<quoted text> there Is no shortage of guns & ammo at my place. Its against federal law to kill the vultures. It seems that any time you have domestic livestock there is some type of varmit wanting to take advantage of a easy meal. The fish in my pond are always under attack by what we call Water Turkeys. The numerious craines & storks are constantly after the fish & frogs. I believe There isnt any such thing a a balance of nature. The endangered species act while it helped some birds has harmed others. We used to feed grain & suet to the birds during the winter, It got to where the hawks would never leave they just waited and preyed on the cardinals , snowbirds ect that came to our feeders. so we quit being the hawks enablers. The vultures used to be shot on a regular basis. When buzzards eat on dead livestock and carry whatever disease that amimal died fron to someplace else. Now that they are protected the vulture numbers have increased and the coyotes ,mountian lions , crows ect. keep the road kill gone so the buzzards look for something to kill. Also it is a law that you have to bury or burn dead cattle & horses ect. So the buzzards are not necessairy to dispose of carrion. There are quite a few bald eagles here. Those eagles are also carrion eaters. I observed a eagle that had driven the turkey buzzards away from a deer carcass. The eagle would roost in a nearby tree and stand guard driving everything else away. If a buzzard came close he would attack it. He was there for a couple of weeks.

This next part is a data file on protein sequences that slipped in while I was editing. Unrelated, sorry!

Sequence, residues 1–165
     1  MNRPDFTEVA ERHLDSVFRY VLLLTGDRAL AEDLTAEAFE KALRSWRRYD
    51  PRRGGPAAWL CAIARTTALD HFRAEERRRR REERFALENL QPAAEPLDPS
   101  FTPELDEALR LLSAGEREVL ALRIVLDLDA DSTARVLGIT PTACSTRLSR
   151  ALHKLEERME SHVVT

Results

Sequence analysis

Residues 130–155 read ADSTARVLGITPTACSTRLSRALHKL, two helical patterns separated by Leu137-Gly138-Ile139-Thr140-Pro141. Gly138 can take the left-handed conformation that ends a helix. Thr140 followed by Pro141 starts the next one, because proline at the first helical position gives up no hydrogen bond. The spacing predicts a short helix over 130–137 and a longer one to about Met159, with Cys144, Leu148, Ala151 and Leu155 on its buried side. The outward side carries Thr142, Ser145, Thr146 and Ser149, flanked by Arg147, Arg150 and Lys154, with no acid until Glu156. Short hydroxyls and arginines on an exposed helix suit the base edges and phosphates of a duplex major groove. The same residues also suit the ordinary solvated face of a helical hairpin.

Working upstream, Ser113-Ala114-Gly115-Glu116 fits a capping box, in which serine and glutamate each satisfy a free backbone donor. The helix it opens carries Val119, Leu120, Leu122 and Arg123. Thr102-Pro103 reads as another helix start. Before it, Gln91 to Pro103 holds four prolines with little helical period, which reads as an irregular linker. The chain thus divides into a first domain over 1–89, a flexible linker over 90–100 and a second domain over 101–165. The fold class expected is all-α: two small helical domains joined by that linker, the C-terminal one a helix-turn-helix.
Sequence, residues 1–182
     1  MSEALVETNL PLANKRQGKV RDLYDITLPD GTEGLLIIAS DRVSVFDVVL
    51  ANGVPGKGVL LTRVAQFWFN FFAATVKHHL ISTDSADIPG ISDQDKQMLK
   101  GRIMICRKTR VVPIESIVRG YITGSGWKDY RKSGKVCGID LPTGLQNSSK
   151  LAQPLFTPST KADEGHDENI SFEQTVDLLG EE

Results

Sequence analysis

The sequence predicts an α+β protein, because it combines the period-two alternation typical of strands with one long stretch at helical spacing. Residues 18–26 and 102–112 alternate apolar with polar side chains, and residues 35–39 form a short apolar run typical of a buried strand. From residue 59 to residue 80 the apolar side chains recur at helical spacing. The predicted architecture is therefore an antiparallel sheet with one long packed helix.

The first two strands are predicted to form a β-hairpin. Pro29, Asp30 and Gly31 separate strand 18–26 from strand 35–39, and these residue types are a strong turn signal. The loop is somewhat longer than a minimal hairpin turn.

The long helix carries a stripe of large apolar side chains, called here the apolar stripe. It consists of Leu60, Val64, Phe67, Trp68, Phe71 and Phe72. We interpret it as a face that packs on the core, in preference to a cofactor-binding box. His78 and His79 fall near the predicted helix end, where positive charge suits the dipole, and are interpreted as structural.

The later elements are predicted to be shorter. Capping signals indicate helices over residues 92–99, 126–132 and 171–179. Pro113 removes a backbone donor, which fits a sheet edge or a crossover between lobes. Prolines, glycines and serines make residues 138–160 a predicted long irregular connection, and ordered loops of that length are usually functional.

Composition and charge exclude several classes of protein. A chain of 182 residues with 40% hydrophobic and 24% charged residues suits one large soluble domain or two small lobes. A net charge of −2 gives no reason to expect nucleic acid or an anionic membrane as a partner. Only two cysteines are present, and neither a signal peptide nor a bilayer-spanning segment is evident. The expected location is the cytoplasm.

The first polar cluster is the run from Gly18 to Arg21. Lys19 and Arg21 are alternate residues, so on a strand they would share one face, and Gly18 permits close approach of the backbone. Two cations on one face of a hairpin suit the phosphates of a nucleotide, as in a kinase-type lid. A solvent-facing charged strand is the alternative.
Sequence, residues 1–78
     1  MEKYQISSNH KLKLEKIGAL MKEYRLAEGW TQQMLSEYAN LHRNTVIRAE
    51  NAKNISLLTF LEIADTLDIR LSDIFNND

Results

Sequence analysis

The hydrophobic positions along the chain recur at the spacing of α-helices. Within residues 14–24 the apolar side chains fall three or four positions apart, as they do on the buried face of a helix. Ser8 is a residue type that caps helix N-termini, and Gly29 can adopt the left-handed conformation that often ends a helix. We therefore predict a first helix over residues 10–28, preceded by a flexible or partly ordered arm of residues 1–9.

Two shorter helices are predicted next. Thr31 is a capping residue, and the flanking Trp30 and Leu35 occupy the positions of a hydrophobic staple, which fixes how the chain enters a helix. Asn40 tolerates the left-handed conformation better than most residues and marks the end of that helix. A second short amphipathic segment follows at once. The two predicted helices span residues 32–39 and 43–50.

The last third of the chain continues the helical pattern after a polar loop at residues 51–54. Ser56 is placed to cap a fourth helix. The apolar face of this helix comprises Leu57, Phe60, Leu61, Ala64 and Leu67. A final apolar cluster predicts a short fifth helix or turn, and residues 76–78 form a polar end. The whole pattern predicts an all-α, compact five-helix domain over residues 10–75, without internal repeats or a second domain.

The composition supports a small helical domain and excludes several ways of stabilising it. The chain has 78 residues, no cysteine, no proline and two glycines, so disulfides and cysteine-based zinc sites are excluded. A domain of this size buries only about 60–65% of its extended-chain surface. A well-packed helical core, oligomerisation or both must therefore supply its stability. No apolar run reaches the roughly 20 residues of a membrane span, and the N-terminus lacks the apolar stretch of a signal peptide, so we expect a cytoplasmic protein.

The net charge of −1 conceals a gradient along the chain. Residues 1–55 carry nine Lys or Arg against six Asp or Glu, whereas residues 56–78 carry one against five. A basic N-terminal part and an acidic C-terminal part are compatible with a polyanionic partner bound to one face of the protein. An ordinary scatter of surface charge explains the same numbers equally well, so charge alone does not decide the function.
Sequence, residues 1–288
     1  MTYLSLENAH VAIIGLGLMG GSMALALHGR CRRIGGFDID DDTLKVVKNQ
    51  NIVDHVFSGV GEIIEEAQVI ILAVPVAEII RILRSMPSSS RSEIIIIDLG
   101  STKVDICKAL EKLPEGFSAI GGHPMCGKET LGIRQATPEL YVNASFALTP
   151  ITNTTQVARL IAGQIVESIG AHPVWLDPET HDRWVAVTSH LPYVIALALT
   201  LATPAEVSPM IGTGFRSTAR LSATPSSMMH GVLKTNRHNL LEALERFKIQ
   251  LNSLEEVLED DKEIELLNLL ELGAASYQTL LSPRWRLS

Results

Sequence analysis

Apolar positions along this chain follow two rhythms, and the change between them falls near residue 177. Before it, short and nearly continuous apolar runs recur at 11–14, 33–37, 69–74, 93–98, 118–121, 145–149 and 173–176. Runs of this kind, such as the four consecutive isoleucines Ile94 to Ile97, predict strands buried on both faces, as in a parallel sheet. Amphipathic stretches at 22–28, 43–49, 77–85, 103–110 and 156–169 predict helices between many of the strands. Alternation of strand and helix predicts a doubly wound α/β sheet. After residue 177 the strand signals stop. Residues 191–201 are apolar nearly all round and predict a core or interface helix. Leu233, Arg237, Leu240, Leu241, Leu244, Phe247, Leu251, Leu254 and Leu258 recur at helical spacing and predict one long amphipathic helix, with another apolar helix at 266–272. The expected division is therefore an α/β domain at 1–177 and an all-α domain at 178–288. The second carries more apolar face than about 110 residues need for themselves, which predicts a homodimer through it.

That's a shame. You should be able to protect your livestock and livlihood at almost all costs. The wife keeps the dog bowls full and the dove have learned that equates to a free meal. I have dozens of dove constantly fighting for that food. They make one heck of a mess on my back porch. Then I got the swallows who dab mud nests under the eaves on the front and back porches and they make one heck of a mess. The wife hates it but I leave the nests alone until after their young hatch and fly away. I can deal with the mess because they take care of the mosquitos and flys for me. We also have many hawks and bald eagles. About 3 months ago we were camping up around Three Rivers and I took a picture of over a dozen bald eagles roosting in one tree, it was quite a sight! If I had vultures I still just might have to shoot them if they are as bad as you are telling me.
Churmudgeon

Pineville, AR